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Autism and Suramin in the Time of COVID-19

May 13, 2020 Autism spectrum disorder (ASD) is a complicated condition with multiple causal factors. At the most basic level, we believe ASD is the result of a multisystem cellular response to environmental and genetic stresses. Called the cell danger response, it results in over-release of ATP, the fundamental carrier of energy. Too much ATP signaling disrupts normal functioning in many types of cells, including how neurons communicate and work together.

Suramin is a century-old drug used to treat African sleeping sickness or trypanosomiasis. It works by inhibiting ATP signaling. In animal studies and in a small Phase I/II clinical trial completed in 2017, we reported that suramin produced dramatic reductions in classic ASD symptoms, such as social abnormalities and learning disabilities. These improvements were temporary, and disappeared in about 8 weeks after the single dose of suramin wore off. We are now in development of a second, larger clinical trial. Progress toward this trial has been slow but steady, no surprise given the complexity of ASD and the need to advance this novel approach carefully, fully supported by empirical evidence and best scientific practices.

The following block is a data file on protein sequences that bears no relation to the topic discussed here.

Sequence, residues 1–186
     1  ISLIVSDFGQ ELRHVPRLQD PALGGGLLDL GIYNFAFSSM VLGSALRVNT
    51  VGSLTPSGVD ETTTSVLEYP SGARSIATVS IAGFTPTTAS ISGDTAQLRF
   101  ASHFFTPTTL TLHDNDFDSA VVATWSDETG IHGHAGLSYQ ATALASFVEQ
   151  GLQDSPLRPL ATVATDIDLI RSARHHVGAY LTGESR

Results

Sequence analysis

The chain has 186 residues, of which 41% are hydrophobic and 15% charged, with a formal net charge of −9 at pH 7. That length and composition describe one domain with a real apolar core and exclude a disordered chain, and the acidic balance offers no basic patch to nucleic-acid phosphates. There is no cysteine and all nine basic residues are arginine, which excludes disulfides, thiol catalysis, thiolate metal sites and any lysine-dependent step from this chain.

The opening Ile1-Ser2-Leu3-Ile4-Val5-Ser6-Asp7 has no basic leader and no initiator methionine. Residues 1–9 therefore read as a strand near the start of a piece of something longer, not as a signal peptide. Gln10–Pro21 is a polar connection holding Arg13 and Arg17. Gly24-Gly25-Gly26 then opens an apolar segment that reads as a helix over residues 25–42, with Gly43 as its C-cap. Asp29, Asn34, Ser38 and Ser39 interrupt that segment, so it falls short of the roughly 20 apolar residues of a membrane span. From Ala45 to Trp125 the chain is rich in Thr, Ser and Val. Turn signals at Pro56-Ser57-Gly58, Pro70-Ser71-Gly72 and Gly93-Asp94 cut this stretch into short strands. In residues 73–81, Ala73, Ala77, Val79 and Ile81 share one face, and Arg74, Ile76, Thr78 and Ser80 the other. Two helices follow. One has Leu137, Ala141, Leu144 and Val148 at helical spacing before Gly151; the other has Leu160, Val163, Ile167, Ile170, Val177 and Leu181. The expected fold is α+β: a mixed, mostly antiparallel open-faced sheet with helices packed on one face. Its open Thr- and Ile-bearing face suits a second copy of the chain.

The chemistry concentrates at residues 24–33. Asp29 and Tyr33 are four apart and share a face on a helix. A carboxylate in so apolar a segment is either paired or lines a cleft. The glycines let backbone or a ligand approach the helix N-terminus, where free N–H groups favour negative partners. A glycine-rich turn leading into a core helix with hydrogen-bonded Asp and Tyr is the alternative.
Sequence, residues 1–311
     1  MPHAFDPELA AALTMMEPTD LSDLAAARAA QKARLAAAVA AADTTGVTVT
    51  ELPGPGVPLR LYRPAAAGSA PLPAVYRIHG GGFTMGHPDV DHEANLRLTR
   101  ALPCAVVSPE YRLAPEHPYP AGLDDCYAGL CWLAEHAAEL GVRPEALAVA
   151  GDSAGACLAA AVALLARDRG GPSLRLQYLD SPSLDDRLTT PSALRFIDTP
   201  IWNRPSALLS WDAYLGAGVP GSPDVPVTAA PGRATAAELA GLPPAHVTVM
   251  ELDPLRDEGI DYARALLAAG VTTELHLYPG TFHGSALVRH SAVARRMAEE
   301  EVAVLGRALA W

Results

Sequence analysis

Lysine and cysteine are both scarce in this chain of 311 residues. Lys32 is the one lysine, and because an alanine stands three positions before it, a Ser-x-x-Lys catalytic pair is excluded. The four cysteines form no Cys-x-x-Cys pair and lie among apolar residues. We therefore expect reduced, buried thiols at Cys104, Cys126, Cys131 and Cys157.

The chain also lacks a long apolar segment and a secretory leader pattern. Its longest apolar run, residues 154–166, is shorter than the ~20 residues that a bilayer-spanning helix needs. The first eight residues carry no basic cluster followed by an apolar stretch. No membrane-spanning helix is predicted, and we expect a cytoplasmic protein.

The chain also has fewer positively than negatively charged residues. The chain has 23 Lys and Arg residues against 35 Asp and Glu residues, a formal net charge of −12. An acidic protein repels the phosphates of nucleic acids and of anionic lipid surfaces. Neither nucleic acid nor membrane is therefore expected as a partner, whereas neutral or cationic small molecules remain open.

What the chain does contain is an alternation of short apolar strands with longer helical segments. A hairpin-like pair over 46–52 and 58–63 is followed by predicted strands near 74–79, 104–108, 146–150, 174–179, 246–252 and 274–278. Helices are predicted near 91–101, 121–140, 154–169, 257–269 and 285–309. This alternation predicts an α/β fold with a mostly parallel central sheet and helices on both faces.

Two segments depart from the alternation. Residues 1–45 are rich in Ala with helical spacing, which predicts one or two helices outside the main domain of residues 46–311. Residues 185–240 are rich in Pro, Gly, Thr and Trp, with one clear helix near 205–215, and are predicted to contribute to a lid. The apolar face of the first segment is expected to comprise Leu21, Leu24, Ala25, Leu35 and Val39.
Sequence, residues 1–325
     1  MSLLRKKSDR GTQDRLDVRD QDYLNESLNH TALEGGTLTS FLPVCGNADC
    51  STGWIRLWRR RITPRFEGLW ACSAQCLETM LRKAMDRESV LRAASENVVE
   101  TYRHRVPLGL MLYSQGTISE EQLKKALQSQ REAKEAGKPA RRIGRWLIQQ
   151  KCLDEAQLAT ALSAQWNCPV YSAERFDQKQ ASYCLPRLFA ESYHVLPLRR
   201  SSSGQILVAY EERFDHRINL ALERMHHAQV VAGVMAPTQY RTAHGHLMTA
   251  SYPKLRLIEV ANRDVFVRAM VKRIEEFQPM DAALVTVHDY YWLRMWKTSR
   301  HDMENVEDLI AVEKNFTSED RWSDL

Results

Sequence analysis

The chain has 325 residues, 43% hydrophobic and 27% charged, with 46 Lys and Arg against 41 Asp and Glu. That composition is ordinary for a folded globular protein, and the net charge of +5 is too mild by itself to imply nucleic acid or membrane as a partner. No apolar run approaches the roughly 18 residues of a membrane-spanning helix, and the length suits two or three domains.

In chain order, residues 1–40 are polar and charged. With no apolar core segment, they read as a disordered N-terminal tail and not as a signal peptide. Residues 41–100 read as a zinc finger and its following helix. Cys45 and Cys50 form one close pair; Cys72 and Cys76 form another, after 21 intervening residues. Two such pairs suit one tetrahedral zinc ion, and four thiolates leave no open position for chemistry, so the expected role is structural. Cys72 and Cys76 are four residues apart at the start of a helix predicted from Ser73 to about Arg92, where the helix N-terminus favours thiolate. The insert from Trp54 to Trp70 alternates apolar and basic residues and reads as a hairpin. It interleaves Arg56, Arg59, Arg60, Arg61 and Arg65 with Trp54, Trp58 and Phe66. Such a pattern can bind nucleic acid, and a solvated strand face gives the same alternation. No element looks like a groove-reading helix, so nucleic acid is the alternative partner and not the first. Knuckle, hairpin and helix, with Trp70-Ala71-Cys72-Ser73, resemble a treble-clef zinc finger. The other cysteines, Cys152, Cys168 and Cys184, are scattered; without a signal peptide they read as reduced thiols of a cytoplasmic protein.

Like labs around the world, we have not been immune from the effects of the SARS-CoV-2 pandemic. It has caused some delays and complications. Nonetheless, we expect to have all approvals in place to launch the second trial in spring of 2021.

As additional information becomes available, it will be posted at my lab website - naviauxlab.ucsd.edu - and disseminated via news media.

You cannot push science and the development of new therapies beyond what is safe and smart, especially when the lives and well-being of children are involved. The cell danger response theory and the use of suramin as a remedy for it represent a profound paradigm shift in the culture of medicine and the treatment of many diseases.

My lab, in coordination with other research organizations, pharmaceutical companies, advocacy groups and parents of children with autism around the world, is working diligently toward our common goal: A new, effective treatment for ASD and a better, healthier world.

That takes time.
Robert Naviaux, MD, PhD